Fall 2011 STPEC Jr. Writing - Final Project
Internet memes are units of cultural ideas that spread rapidly from person to person. In essence, they are inside jokes shared among a community of millions. Memes are created and propagated through anonymous individuals and attain popularity through a democratically selected, collective process. In addition, memes provide a glimpse into the zeitgeist and reflect racial, class, and gender tensions that exist in the “real world”.
Through this blog, I seek to examine what allows memes to become so popular. I’m interested in the nature of collectivity and anonymity that seem to be catalysts for memes. In what way does this decentralized method of popular culture production undermine hegemonic influences? Further, how do subversive strains passed on through memes enter the collective consciousness? Is this a form of resistance? Through both the analysis and production of, I argue that memes provide a space in which both consumptive and productive agency can be reclaimed by the masses, and allows for subversive ideas to enter the collective consciousness via popular culture.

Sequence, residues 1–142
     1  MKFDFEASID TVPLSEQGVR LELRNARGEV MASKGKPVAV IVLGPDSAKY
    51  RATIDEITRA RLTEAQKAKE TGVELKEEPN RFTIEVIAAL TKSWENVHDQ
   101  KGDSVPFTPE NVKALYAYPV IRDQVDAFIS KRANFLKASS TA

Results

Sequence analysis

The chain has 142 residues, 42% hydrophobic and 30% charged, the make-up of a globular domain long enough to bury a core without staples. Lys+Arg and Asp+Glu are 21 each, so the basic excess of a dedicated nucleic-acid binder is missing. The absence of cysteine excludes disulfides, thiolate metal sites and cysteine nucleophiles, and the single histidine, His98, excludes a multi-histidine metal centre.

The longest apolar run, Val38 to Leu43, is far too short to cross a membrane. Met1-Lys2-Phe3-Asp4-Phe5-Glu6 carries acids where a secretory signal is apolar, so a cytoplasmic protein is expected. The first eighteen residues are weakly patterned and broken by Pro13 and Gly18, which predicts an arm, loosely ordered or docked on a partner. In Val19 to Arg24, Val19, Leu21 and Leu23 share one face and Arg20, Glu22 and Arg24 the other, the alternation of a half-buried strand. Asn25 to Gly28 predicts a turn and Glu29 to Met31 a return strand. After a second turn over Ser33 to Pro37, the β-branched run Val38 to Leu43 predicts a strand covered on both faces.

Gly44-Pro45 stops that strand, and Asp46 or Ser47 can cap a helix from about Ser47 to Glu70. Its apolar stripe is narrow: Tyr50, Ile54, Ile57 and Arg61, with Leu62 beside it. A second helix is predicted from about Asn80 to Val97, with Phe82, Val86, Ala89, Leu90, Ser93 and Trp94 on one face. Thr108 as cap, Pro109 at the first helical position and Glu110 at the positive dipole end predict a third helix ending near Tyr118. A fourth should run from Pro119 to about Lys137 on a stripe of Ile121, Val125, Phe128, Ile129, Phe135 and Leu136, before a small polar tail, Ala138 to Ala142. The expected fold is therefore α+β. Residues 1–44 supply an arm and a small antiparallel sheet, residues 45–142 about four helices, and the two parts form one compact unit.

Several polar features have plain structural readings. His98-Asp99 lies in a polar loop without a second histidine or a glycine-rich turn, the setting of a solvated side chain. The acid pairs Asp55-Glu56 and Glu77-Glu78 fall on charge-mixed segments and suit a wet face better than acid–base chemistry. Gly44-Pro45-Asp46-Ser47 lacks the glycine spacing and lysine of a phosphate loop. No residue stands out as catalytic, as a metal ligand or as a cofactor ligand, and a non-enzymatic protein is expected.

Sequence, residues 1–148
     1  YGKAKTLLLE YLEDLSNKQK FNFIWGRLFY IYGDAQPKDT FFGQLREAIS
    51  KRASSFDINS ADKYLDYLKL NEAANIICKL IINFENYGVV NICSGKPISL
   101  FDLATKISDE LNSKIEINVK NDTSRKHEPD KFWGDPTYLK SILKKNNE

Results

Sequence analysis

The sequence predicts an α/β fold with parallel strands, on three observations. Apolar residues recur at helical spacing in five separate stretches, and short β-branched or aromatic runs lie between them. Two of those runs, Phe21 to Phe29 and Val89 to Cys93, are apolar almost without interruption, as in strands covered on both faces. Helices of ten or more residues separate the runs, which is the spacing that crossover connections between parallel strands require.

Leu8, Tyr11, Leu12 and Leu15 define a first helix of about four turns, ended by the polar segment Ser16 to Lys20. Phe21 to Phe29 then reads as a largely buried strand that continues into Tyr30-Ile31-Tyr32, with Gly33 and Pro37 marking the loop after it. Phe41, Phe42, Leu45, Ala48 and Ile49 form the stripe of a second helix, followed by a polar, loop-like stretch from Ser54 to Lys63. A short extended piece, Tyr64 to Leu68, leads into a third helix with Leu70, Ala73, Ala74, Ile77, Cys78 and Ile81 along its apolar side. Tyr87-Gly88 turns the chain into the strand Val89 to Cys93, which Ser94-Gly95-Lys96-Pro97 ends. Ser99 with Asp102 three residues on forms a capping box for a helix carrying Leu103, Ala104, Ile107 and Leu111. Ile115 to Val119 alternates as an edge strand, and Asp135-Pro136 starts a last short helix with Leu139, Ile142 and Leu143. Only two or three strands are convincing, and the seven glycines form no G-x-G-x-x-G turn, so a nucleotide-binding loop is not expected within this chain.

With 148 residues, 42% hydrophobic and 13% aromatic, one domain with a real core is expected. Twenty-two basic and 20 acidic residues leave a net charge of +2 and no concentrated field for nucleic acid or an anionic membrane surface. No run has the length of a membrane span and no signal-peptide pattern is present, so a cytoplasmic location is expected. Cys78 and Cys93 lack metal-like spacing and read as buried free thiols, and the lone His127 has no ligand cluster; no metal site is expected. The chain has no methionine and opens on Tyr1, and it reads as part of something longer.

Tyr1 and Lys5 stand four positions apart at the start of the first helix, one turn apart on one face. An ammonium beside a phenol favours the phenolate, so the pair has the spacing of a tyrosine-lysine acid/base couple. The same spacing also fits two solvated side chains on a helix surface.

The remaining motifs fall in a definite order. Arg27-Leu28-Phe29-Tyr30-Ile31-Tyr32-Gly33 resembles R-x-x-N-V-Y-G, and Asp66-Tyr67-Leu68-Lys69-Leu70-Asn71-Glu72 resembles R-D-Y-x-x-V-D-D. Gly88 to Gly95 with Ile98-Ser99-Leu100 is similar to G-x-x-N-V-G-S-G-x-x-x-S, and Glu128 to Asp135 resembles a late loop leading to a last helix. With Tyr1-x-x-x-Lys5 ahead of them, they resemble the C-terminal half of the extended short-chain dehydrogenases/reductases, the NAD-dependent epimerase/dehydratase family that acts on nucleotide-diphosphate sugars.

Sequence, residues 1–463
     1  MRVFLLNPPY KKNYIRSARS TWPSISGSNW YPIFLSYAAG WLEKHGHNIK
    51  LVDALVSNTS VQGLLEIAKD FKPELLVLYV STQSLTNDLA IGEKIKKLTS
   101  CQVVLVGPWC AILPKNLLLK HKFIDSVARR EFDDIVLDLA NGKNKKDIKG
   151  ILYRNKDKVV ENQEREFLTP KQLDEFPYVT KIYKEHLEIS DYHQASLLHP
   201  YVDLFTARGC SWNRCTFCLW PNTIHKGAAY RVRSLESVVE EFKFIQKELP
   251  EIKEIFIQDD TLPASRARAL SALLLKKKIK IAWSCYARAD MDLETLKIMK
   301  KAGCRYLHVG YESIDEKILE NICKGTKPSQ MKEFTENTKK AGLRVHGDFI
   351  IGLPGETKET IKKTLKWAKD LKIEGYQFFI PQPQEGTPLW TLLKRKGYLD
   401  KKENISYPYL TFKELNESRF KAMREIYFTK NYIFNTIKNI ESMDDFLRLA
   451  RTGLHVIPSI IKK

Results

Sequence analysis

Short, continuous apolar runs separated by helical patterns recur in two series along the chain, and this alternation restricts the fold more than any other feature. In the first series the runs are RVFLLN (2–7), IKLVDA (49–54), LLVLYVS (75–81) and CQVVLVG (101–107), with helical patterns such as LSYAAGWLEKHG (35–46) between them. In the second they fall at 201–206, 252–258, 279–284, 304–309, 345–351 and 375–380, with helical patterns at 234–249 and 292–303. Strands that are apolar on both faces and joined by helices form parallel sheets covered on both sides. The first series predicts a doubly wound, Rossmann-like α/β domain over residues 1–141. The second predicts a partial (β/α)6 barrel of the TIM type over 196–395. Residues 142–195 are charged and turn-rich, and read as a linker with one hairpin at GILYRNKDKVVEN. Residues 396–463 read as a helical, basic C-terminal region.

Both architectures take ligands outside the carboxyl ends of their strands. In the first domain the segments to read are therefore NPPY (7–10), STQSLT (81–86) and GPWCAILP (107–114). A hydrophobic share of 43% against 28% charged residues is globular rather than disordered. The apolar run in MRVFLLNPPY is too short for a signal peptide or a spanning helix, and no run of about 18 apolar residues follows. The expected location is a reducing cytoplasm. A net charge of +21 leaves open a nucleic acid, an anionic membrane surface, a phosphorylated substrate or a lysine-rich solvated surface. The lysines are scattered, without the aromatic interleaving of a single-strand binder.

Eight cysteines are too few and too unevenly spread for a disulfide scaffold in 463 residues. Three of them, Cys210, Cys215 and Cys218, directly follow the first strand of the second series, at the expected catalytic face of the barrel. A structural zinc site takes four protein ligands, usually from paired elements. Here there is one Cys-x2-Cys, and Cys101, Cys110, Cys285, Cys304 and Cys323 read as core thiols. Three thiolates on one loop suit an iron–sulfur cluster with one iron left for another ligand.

Keywords: Memes, Resistance, George Orwell, Internet, Anonymity
How to navigate this blog:
The first 11 posts are my attempts at creating memes that would simultaneously resonate with the collective consciousness and also undermine the predominant neoliberal ideology. I chose Herman Cain and Mitt Romney as meme characters because, to my mind, they are credited with the two most ludicrous quotes from the 2011 Republican campaign cycle that capture both the pervasiveness and absurdity of neoliberalism as a sound social and economic strategy.
All subsequent posts are images or memes reblogged or reposted from elsewhere that I feel demonstrate a resistant attitude in popular culture to neoliberal hegemony.
“What makes a meme?” is an intro to memes, as well as a description of the characteristics intrinsic to the Internet, and specifically the sites 4chan.org and Reddit.com, that make meme generation possible.
“Anatomy of a Tiny Revolution” describes the lifecycle of a meme based off of George Orwell’s “Funny but not Vulgar” and Crane Brinton’s The Anatomy of a Revolution. It catalogs various memes that demonstrate social, racial, and class tensions in the collective consciousness and the way in which these ideas enter popular culture, thereby challenging the status quo.
You can find my works cited and relevant links by clicking n “Further Reading & Works Cited”.